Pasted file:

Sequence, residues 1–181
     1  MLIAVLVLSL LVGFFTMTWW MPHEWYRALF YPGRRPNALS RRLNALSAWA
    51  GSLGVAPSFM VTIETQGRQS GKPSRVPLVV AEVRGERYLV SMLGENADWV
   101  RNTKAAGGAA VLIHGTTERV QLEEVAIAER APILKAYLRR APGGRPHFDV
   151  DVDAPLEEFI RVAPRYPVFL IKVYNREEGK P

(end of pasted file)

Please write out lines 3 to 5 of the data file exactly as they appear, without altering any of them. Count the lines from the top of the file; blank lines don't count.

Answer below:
    51  GSLGVAPSFM VTIETQGRQS GKPSRVPLVV AEVRGERYLV SMLGENADWV
   101  RNTKAAGGAA VLIHGTTERV QLEEVAIAER APILKAYLRR APGGRPHFDV
   151  DVDAPLEEFI RVAPRYPVFL IKVYNREEGK P